"This study marries two evolutionary mysteries: the incredible diversity of fish in the lakes of East Africa and the genetic basis of sex determination," says Sam Scheiner, program director in the National Science Foundation (NSF)'s Division of Environmental Biology, which funded the research. "This study shows how simple genetic changes can lead to enormous biological diversity."


'/>"/>

Contact: Kelly Blake
kellyb@umd.edu
301-405-8203
University of Maryland
Source:Eurekalert  

Related biology news :

1. Does the desire to consume alcohol and tobacco come from our genetic makeup?
2. Diverse genetic abnormalities lead to NF-κB activation in multiple myeloma
3. Many parents at-risk for cancer disclose genetic test results to children
4. Genetics determine optimal drug dose of common anticoagulant
5. Claims of sex-related differences in genetic association studies often not properly validated
6. American College of Medical Genetics responds to new FDA labeling decision for warfarin
7. UNC study questions FDA genetic-screening guidelines for cancer drug
8. Genome study shines light on genetic link to height
9. Selexis Announces Advanced Approach to Maximize Power of Genetic Elements for Rapid Development of High Performance Cell Lines
10. Genes, Environment and Health Initiative invests in genetic studies, environmental monitoring
11. Rutgers Genetics receives $7.8 million for autism research
Post Your Comments:
*Name:
*Comment:
*Email:
Related Image:
Genetic conflict in fish led to evolution of new sex chromosomes
(Date:5/6/2017)... SINGAPORE , May 5, 2017 ... has just announced a new breakthrough in biometric ... that exploits quantum mechanical properties to perform ... new smart semiconductor material created by Ram Group ... across finance, entertainment, transportation, supply chains and security. ...
(Date:4/17/2017)... , April 17, 2017 NXT-ID, Inc. (NASDAQ: ... announces the filing of its 2016 Annual Report on Form 10-K ... Commission. ... 10-K is available in the Investor Relations section of the Company,s ... the SEC,s website at http://www.sec.gov . 2016 Year ...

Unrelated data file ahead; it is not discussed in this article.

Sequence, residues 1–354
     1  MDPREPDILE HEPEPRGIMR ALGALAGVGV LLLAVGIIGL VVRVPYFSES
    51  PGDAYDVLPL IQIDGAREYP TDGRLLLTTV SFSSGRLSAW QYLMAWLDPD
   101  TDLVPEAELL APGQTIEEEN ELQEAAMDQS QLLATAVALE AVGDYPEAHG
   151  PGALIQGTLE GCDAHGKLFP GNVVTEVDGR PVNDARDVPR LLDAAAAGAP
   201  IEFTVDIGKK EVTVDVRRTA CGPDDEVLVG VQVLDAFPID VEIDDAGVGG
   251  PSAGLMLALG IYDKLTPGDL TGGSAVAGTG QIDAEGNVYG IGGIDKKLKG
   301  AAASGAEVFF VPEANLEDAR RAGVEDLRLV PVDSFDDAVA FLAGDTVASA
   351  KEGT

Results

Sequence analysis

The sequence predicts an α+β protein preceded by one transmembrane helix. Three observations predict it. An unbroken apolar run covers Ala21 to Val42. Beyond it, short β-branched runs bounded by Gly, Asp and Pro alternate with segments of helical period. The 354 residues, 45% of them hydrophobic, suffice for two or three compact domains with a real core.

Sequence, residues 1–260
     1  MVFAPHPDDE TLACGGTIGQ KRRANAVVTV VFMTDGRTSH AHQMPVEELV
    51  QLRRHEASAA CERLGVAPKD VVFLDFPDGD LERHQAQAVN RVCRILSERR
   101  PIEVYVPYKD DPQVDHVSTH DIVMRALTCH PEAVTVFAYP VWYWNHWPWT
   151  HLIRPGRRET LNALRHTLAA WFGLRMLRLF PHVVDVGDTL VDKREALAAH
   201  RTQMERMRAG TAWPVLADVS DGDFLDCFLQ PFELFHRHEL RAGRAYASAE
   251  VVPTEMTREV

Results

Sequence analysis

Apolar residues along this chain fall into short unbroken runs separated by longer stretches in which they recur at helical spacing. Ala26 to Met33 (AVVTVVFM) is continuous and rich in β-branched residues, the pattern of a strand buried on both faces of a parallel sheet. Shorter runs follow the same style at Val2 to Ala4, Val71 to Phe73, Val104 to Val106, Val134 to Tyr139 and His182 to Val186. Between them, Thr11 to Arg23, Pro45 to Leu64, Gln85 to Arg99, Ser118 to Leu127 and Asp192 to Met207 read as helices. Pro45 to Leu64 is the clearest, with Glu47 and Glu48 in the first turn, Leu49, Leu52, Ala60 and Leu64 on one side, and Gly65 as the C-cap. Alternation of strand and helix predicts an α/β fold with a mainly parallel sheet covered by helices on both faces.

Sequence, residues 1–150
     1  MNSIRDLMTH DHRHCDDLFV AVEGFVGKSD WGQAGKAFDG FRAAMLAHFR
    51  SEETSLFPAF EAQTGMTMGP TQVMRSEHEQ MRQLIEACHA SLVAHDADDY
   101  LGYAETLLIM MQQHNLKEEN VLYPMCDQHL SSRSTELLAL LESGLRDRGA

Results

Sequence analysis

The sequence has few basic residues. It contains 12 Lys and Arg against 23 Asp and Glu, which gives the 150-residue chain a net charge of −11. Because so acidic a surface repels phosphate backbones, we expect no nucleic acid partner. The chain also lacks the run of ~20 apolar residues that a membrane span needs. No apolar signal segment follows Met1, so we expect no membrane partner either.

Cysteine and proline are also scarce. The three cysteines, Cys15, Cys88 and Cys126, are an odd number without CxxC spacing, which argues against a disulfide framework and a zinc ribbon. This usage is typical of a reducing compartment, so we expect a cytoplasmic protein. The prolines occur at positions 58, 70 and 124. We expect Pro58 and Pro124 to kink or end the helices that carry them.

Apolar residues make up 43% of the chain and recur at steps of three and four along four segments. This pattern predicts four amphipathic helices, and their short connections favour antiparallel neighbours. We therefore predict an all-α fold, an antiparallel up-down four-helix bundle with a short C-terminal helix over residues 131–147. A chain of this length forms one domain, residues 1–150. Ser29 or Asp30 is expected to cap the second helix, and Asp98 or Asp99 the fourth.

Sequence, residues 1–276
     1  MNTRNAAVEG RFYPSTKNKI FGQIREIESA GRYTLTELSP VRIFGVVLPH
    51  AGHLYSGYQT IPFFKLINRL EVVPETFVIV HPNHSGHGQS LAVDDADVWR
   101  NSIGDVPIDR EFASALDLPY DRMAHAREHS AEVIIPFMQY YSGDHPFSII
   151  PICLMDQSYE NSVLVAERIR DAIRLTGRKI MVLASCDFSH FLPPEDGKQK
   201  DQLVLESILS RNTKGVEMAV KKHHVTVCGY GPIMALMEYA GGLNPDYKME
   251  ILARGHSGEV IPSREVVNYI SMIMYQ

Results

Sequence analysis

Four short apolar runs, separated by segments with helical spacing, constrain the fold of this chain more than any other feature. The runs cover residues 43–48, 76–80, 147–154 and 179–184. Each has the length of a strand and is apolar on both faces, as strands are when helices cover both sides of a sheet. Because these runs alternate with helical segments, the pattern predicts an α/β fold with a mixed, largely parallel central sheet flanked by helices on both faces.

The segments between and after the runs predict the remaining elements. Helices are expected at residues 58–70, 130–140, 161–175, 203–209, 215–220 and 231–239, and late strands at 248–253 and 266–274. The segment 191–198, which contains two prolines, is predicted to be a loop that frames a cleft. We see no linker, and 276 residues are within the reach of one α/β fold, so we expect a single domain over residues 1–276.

(Date:4/11/2017)... DUBLIN , Apr. 11, 2017 Research ... Tracking Market 2017-2021" report to their offering. ... The global eye tracking market to grow at ... The report, Global Eye Tracking Market 2017-2021, has been prepared based ... report covers the market landscape and its growth prospects over the ...
Breaking Biology News(10 mins):
(Date:10/11/2017)... Netherlands and LAGUNA HILLS, Calif. ... Institute of Cancer Research, London (ICR) ... MMprofiler™ with SKY92, SkylineDx,s prognostic tool to risk-stratify patients with ... known as MUK nine . The University of ... which is partly funded by Myeloma UK, and ICR will ...
(Date:10/11/2017)... (PRWEB) , ... October 11, 2017 , ... ... Administration (FDA) has granted orphan drug designation to SBT-100, its novel anti-STAT3 (Signal ... the treatment of osteosarcoma. SBT-100 is able to cross the cell membrane and ...
(Date:10/10/2017)... ... October 10, 2017 , ... For the second time in ... STEM Mentoring Award. Representatives of the FirstHand program travelled to Washington, D.C. Tuesday, ... , US2020’s mission is to change the trajectory of STEM education in America ...
(Date:10/10/2017)... SANTA CRUZ, Calif. , Oct. 10, 2017 /PRNewswire/ ... SBIR grant from the NIH to develop RealSeq®-SC (Single ... preparation kit for profiling small RNAs (including microRNAs) from ... Cell Analysis Program highlights the need to accelerate development ... "New techniques for ...
Breaking Biology Technology: